I was sorry to miss the #chat2lrn Twitter chat last Thursday morning because they featured a topic that OnFulfillment feels very passionately about, although perhaps in a slightly different way than the chat presented. The topic was "What Can Marketing Teach L&D?"
In particular, Holly McDonald, the author of the blog post announcing this chat topic, noted that one of her concerns is "Attendance at internal workshops is sliding or we are not getting the people signing up that we thought." Of course, as the main audience was primarily instructional designers, the focus of the chat was primarily on how course development can become more compelling by borrowing ideas from marketing. And while this was the focus, I'd argue that for some Learning folks, the ones who must not just create courses, but sell them to customers and partners for a profit, understanding more about marketing is critical.
Steve Friar, OnFulfillment's CEO, and I have been chatting for a while about writing a series of guest posts around marketing for Education Services based on some of my experiences in doing just that, and this topic provided the perfect catalyst to start.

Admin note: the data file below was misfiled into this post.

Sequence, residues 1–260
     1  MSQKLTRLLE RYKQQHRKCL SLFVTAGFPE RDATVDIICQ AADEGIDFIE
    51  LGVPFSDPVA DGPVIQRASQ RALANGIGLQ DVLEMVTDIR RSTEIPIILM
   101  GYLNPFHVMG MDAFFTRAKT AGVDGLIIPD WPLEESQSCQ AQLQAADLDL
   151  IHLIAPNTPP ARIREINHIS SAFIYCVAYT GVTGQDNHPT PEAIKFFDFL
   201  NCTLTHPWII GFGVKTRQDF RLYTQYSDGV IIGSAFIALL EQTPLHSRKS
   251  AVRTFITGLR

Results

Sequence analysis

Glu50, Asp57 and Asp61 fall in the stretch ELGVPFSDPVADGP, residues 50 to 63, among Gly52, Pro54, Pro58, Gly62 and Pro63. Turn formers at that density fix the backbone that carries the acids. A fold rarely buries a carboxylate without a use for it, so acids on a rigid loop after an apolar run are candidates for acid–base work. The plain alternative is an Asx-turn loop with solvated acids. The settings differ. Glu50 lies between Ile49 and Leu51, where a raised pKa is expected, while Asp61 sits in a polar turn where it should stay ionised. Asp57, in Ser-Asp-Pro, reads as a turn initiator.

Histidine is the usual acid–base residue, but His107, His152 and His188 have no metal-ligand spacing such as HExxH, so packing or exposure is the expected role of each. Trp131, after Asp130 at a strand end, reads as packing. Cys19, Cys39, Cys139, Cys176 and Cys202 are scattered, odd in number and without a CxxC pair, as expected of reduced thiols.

OnFulfillment has many Education Services clients, mostly in high tech, who use the company for training materials management and fulfillment. With this service, OnFulfillment's value proposition is that they cut costs, thus helping increase training margins. Saving on physical materials delivery and also moving to less expensive options, such as secure, online document delivery for courseware, are key for any training organization.
But having a profitable training business isn't just about managing operations and growing margins. Training executives are also obviously concerned with driving more revenue from training by increasing fill rates, driving more sales of onsite training courses, and moving more students to higher margin on-demand and virtual training courses.
Per TSIA's Education Services practice, both "Growing margins by reducing delivery expense" and "Establishing a dedicated education services sales force" are top business issues for Education Services teams. So, both managing costs and growing sales are priorities. Seems pretty clear. But I would argue that a dedicated sales force won't have any leads to sell to without a dedicated marketing team and a systematic marketing program behind them.
But sometimes, training teams simply don't know where to start to market their course offerings more effectively. Why?
- lack of marketing experience with members of their internal L&D team
- no resources to spare to manage marketing